Pulling back onto the road and picking up the pace, this Mustang definitely delivered more of a GT experience rather than one of a razor-sharp asphalt-shredder, but there is a fair amount of fun to be had. At 3,676 pounds, you have to twist the front end into corners, as understeer is unsurprisingly the natural order. But thanks to the $2,495 Performance Pack, which includes uprated springs and anti-roll bars, and the $1,695 magnetorheological active dampers, there was negligible pitch and roll without sacrificing comfort. It all felt well sorted, especially for the average buyer—however many there might be—who most likely just wants a refreshing, sporty experience in a car like this as opposed to exploring the most extreme slip angles imaginable.

The Engine Room

Pushing the throttle hard, the EcoBoost is not best described as razor sharp, but calling it sluggish goes too far in the other direction. With 350 lb-ft of torque at 3,000 rpm, engine response is solid, though the overall power-to-weight ratio means acceleration is not snappy or lightning quick. There’s accessibility to the whole affair, a reassuring, purposeful feeling of stability that reinforces the impression this is exactly what such a Mustang was made to do. And should you desire to manhandle the chassis some on a ribbon of asphalt, the car responds to your commands without any sketchy handling traits that give you serious pause. It even seems to enjoy the cajoling.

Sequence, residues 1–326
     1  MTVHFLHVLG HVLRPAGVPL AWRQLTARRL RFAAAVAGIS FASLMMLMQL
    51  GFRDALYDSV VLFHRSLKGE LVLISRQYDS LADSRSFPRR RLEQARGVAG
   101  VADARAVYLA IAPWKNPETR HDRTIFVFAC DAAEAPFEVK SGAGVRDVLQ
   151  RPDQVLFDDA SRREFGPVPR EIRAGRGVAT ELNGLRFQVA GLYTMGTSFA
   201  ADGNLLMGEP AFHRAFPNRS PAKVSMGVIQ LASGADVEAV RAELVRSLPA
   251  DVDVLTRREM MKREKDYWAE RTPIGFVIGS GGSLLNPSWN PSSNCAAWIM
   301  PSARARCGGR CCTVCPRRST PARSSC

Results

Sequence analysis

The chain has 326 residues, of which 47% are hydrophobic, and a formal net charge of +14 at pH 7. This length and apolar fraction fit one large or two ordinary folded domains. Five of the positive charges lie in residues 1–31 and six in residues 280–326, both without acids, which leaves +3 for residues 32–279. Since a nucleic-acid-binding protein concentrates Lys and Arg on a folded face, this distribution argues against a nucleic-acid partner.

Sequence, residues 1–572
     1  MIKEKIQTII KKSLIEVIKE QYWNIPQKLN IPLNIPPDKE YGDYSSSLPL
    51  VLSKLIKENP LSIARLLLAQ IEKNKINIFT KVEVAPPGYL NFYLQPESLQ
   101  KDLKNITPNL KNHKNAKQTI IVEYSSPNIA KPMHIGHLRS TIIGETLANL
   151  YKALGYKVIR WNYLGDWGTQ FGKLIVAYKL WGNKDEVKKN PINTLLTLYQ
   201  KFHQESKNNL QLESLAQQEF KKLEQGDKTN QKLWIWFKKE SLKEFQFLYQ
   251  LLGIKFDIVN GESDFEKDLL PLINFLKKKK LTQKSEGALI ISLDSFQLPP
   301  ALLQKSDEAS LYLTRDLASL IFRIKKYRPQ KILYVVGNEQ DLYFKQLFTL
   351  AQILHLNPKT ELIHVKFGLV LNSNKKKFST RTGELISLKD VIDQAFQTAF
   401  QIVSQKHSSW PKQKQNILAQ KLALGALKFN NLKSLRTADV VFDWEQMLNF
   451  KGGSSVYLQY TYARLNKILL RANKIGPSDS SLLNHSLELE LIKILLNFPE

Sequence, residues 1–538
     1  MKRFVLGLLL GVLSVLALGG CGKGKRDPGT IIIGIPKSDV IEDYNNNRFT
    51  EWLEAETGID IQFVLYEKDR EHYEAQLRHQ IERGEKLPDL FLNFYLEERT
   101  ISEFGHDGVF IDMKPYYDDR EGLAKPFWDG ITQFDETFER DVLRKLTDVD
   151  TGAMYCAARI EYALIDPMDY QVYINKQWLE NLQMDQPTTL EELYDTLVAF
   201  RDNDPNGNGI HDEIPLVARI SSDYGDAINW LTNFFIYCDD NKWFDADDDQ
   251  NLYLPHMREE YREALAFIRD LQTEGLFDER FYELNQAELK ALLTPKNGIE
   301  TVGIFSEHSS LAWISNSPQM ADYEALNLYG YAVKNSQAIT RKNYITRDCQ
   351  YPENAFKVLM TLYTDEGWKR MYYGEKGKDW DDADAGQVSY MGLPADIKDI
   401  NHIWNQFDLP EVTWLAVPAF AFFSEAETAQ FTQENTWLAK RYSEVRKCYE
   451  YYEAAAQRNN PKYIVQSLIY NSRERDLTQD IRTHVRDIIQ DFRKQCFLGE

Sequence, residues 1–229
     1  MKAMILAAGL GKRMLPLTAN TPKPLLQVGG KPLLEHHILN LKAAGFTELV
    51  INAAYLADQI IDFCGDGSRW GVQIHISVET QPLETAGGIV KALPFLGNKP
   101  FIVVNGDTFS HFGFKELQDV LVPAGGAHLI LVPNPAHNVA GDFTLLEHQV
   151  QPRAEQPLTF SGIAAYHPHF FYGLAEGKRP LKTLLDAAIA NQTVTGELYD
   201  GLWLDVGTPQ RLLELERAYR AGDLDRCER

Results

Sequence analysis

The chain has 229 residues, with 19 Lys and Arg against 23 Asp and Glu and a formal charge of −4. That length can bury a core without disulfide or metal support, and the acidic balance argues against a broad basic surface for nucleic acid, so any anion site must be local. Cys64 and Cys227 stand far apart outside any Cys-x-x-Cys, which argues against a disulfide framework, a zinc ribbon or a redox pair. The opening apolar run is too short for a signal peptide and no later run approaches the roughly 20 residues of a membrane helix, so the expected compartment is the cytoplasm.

As the morning wore on and each corner disappeared out of sight, this Mustang convertible made more and more sense and it came more alive—far more than it did either while bumbling around in traffic. It’s comfortable even in Track mode, which comes with the fun gimmick of switching the digital rev counter to a horizontal, race-car-like bar-graph orientation. This car’s $895 Performance exhaust is a must-get option; the baritone EcoBoost is not overly loud or ostentatious even with it. But the engine shines some at altitude up in the mountains, with good pull once the revs spin past 2,000. Even the glitchy shifter became far less of an annoyance and produced smooth shifts once this driver processed what it did and did not like. This linkage wouldn’t have made it past the first beta test at Honda, but you can still have some fun in short order by being deliberate with your inputs.

“Deliberate” might be the best descriptor for the type of drivers who would order a Mustang to this spec: They know exactly what they want and why, without concern for acquiring the biggest adrenaline rush possible—no matter if there are five or 500 identical cars out there.

2019 Ford Mustang EcoBoost Convertible Specifications

ON SALE Now
BASE PRICE $37,355/$45,115 (base/as tested)
ENGINE 2.3L turbocharged DOHC 16-valve I-4; 310 hp @ 5,500 rpm, 350 lb-ft @ 3,000 rpm
TRANSMISSION 6-speed manual
LAYOUT 2-door, 4-passenger, front-engine, RWD convertible
EPA MILEAGE 20/28 mpg (city/hwy)
L x W x H 188.5 x 81.9 x 54.3 in
WHEELBASE 107.1 in
WEIGHT 3,676 lb (est)
0–60 MPH 5.5 sec (est)
TOP SPEED 123 mph

Buying Guide
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2019 Ford Mustang

2019 Ford Mustang

MSRP $36,910 EcoBoost Premium Convertible